Mason Gooding has that magical talent for looking like a cheeky high schooler one minute, and a smoldering leading man the next.
And that fluid appeal has stood him in good stead for roles in some of the best coming-of-age stories of recent years, including the wonderful 2019 movie ‘Booksmart’, and ongoing Hulu series ‘Love, Victor’.
Next up Mason, the son of ‘Jerry Maguire’ star Cuba Gooding Jr, stars alongside Cole Sprouse and Lana Condor in romantic comedy ‘Moonshot’, released on HBO Max on March 31. It’s a young adult love story with a timeless message set in 2049, as humans colonize Mars. He also wrote, directed, and starred in his own short film, ‘Alone, Together With You’ during the Covid lockdown. That story about navigating loss and sadness shows a side of Mason that he is keen to continue to express as his career progresses, offering fans the benefit of his experiences and perspective as they figure out their own path.
And here the actor, 25, tells us about the importance of young people sharing their own stories with professionals, or just with trusted friends, as they navigate the plot twists of life.
I love coming-of-age movies. What is it about these type of stories that you think is so appealing? I suppose it’s because we’re catching people in such a transformative moment of their lives…
It’s just so ubiquitous to the human experience, being a young adult and suddenly having these responsibilities thrust upon you, as you try to navigate who you are in the world. Movies like ‘Moonshot’ and others in the YA genre allow everyone, no matter how old you are, to either look forward to that time in your life, reminisce on that time in your life, or if you’re currently experiencing it, to look at another perspective. I’m 25 and I’m still figuring myself out, but that’s par for the course. And I’ve always loved feel good movies. Call me a hopeless romantic, but I’ve always felt most at home in stories that perpetuate following your heart and doing what makes you happy.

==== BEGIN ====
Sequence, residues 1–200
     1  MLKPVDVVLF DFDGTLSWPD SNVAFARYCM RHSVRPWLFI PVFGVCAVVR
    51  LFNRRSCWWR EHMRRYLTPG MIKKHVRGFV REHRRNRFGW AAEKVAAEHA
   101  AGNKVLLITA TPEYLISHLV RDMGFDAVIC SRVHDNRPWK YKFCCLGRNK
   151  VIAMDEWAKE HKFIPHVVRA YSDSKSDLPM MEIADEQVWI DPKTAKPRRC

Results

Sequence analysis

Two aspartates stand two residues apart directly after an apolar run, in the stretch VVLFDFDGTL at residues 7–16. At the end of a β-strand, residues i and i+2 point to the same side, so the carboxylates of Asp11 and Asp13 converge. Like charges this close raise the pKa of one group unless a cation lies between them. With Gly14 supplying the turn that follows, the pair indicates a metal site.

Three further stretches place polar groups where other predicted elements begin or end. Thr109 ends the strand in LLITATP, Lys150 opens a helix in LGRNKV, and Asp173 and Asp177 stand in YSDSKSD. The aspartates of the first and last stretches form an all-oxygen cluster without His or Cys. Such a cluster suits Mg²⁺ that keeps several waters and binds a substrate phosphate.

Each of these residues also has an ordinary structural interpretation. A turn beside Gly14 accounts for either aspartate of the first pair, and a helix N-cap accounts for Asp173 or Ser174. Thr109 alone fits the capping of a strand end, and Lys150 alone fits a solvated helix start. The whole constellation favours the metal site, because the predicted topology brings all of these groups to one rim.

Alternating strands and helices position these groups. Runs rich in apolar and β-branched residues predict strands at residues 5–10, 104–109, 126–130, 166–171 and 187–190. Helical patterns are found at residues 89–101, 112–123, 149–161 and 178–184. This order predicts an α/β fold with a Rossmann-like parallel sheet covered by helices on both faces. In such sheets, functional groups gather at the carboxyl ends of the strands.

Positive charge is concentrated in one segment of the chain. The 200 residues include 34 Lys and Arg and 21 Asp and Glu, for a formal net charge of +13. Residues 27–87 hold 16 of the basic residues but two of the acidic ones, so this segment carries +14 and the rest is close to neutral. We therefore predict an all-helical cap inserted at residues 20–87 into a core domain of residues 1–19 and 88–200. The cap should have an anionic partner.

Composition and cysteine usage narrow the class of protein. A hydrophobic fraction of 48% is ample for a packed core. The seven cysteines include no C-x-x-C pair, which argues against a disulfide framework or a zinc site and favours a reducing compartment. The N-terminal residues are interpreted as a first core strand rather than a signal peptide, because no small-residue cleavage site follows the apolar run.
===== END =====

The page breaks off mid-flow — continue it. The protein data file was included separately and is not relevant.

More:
How was working with that talented young cast on ‘Moonshot’, and what did you learn from each other?
Cole Sprouse and Lana Condor were just so kind, welcoming and lovely. I had no idea Cole was such a big anime nerd. I am as well, so from the moment we worked that out it was a match made in heaven.
Cole has literally been working in the industry since he was two months old. And similar but different, my dad’s an actor, and because of that we have similar experiences of growing up around the industry. So we were able to bond over the notion that we’ve basically known nothing but Hollywood our entire lives, and it’s been about adjusting to how that affects us as adults. It’s nice to know there are people like Cole who could be so close to the industry for so long and be so unbelievably kind, thoughtful and lovely. Working with someone who has been doing it for so long and is so inherently good at it is a comfortable experience. There’s a lot to learn from him, hence I just gravitate towards him every time he’s around.
‘Moonshot’ is set in 2049, what does the film have to say about what the world might be like in 27 years time?
Well, fittingly for Mr Feelgood, it’s nice to have some movies set in the future that don’t paint such a bleak outlook of what the future will be. As a big science fiction nerd, I have not seen many stories placed in the future that are set in such a positive environment. As scary as the future is, it’s exciting to think about what’s round the corner.
You made a short film about navigating loss and sadness, called ‘Alone, Together With You’. What made you want to tackle those themes?
‘Alone, Together With You’ ultimately allowed me to navigate certain thoughts I was having, or certain experiences I’d had. Rather than offering definitive answers on mental health, it’s more examining what it’s like to feel sad, and how I found a way to sort of circumvent that by talking about those things with people. While I don’t have the answer of how to feel better, the film deals with things that have worked for me.
So it’s about navigating grief, but also those general negative thoughts we all have. My character is really the only one in the film that had a main point in his sadness, he lost his wife and the grief had been eating his psyche for a long time. But I did want to mention that people oftentimes are sad, sometimes fatally so, without really knowing the reason why. They live their life being depressed or upset without any catalyst for being so. So the story is supposed to blur the line of what it means to seek help for mental health. If you feel sad, it is worth seeking out help and seeking out safe environments in which you can talk about those things, and it doesn’t require you to have a reason.